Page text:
When you notice negative thoughts in your mind, sit back and watch the fight between your inner critic and inner cheerleader as if you were an audience member. As the observer, you can root for your positive self-talk.
Removing yourself from your thoughts can help you see which thoughts help and hinder you emotionally.
To make this more fun, try to embrace a sports-like attitude. Which team are you betting on? Who do you think will win?
8 – “Disappear”
It can be challenging to relax when our minds still feel connected to tasks, stressors, chores, and other responsibilities, but sometimes, we just need to take a break.
For this exercise, we’ll embrace playfulness by pretending we’ve disappeared from this plane of existence entirely. For a short time, we’re going to teleport into an alternate reality: one where stressors don’t exist. While there, we’ll take a break from our reality.
Your alternate reality is yours to create. You might do this by setting the mood with calm lighting, calm music, and no screens. In my alternate reality, I don’t need money to live. It’s just nice to have. My body doesn’t need food to survive. It’s just a nice treat. I don’t need to cook, clean, or plan anything. I can just relax with no demands waiting for me.
This imaginative exercise is especially helpful for those who may struggle to disconnect from work and responsibility and truly relax.
9 – Represent Your Emotions Differently
One of the most common—and most useful—coping strategies is to journal. Writing down your thoughts and emotions can be a great way to separate your sense of self from your thoughts and feelings.
To add a splash of silliness to this method, I encourage you to embrace your creative mind and express your emotions differently.
Doodle images. They don’t have to be “good.” They can be a collection of wobbly circles or angry scribbles. Use different colors to represent different emotions.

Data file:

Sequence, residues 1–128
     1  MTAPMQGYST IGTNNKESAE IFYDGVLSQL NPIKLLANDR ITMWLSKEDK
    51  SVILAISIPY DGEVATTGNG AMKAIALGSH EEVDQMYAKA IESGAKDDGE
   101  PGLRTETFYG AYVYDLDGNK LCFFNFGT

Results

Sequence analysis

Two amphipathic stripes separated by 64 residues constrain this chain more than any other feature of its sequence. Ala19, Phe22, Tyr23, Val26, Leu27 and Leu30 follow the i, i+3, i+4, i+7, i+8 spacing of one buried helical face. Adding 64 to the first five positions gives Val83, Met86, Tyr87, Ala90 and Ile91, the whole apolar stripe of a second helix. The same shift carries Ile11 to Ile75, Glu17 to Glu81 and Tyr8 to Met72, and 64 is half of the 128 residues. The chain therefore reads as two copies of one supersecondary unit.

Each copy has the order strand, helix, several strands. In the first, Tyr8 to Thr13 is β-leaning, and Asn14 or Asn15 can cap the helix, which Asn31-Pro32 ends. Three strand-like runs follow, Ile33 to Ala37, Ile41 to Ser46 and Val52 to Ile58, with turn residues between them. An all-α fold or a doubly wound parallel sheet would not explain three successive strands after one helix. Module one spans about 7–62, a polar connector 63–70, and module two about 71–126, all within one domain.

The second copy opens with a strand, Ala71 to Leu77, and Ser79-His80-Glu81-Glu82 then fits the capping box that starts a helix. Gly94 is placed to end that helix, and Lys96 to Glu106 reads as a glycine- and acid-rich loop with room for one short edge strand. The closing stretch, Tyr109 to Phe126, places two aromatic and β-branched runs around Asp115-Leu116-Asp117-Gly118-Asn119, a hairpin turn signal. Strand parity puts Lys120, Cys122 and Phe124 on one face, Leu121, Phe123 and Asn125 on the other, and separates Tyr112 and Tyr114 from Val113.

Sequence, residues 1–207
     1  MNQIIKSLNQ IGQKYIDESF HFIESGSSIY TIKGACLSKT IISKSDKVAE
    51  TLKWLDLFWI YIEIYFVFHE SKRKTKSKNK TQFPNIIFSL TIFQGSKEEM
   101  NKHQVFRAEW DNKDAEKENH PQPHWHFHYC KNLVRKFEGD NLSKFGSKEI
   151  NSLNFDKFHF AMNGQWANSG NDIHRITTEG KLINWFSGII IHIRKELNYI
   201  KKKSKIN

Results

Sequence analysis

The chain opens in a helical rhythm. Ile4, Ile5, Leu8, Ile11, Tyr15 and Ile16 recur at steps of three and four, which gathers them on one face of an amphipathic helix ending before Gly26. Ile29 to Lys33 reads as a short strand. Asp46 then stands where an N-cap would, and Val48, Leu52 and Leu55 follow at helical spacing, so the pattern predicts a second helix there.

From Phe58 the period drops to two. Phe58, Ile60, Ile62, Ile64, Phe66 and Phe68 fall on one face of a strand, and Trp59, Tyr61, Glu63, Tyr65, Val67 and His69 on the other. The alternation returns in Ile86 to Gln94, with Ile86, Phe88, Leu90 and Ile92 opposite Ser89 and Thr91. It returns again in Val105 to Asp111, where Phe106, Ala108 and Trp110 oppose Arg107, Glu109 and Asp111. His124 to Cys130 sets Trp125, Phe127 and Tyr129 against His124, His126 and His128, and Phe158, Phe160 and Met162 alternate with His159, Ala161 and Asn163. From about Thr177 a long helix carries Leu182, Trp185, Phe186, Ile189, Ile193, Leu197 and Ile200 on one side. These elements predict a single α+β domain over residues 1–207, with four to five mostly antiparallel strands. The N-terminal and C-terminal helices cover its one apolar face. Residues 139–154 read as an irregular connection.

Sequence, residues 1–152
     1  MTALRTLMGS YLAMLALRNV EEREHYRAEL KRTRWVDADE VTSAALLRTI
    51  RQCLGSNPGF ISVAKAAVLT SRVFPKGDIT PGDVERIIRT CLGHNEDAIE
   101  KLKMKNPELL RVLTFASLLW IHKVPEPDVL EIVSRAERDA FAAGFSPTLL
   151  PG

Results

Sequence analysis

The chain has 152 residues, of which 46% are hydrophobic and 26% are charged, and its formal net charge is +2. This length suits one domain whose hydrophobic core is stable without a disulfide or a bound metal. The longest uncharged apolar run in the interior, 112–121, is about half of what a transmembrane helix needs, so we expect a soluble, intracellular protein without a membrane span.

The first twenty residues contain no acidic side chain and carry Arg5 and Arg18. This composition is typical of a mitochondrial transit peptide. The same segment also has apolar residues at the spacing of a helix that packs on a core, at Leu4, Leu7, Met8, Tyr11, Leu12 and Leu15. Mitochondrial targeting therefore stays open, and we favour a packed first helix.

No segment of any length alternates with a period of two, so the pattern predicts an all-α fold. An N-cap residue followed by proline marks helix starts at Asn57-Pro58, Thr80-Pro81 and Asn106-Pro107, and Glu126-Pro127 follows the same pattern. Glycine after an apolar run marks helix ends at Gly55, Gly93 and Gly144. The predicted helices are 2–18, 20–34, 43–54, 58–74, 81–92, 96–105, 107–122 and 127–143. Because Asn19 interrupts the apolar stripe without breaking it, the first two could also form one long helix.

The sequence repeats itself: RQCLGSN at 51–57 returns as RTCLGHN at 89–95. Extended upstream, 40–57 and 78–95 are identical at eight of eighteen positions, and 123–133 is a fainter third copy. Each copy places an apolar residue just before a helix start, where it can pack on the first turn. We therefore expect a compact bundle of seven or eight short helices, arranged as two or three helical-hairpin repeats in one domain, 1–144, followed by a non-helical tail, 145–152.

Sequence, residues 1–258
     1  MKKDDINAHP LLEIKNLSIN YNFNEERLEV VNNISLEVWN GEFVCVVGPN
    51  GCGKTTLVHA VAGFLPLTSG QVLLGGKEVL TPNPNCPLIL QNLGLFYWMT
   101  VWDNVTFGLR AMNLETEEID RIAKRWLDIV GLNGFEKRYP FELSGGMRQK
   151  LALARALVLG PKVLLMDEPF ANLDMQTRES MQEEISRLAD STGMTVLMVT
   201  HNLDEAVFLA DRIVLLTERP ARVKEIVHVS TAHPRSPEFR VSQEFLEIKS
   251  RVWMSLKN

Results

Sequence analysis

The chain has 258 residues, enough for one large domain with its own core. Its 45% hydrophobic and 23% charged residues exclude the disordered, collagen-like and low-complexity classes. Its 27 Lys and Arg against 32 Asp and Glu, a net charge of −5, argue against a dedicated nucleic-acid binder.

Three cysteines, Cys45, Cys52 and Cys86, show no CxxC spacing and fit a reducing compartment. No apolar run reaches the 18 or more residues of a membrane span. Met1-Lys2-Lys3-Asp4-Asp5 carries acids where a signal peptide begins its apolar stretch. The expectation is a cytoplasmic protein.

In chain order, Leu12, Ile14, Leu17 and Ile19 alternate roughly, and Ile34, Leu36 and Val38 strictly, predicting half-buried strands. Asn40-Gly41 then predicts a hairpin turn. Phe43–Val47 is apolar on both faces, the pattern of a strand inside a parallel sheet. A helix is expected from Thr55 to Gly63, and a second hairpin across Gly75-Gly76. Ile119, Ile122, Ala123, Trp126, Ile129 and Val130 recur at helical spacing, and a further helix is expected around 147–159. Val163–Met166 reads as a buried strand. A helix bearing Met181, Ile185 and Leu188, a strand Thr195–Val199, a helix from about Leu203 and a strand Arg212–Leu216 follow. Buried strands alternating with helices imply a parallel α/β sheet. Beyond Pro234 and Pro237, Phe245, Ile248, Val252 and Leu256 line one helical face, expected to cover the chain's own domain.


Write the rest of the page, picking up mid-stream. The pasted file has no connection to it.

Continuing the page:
Or use different words to express your emotions. Sometimes, pinpointing the right word for your emotional experience can be difficult. Instead, use imagery, sounds, and ideas that feel right to you, even if they’re only adjacent to your true emotional experience. Think of words like, blue flames, shaking, or a wet cat.
You can also try stream-of-conscious writing, where the only rule is to keep writing and not stop for a set amount of time, such as 5 minutes.
Trying something new and creating unique experiences is a great way to take care of your mind.
Final Thoughts: Get Silly to Get Serious
Accessing silliness can shock our brains enough to get them out of trauma brain mode and push us into executive functioning mode. In short, we can get silly to get serious. This is a part of trauma-informed work!
Being goofy is a way to cope with overwhelming stress and emotionally regulate, so don’t be afraid to say, do, or think things that might make you feel embarrassed or self-conscious. Being silly isn’t the opposite of being professional. Being silly is a way to access and express our emotional experiences in a trauma-informed way.
Ultimately, your healing journey is your own, and you should take what works for you and leave what doesn’t. Tell us, do you already use any of these coping skills? Which ones do you think you’ll try?